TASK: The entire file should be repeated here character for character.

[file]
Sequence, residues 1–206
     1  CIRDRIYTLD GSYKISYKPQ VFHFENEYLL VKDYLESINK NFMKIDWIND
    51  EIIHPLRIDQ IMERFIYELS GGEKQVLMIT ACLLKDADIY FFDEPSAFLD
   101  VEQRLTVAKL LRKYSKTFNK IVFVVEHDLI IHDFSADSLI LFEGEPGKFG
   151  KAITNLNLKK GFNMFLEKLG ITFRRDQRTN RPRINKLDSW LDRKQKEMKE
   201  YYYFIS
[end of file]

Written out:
Sequence, residues 1–206
     1  CIRDRIYTLD GSYKISYKPQ VFHFENEYLL VKDYLESINK NFMKIDWIND
    51  EIIHPLRIDQ IMERFIYELS GGEKQVLMIT ACLLKDADIY FFDEPSAFLD
   101  VEQRLTVAKL LRKYSKTFNK IVFVVEHDLI IHDFSADSLI LFEGEPGKFG
   151  KAITNLNLKK GFNMFLEKLG ITFRRDQRTN RPRINKLDSW LDRKQKEMKE
   201  YYYFIS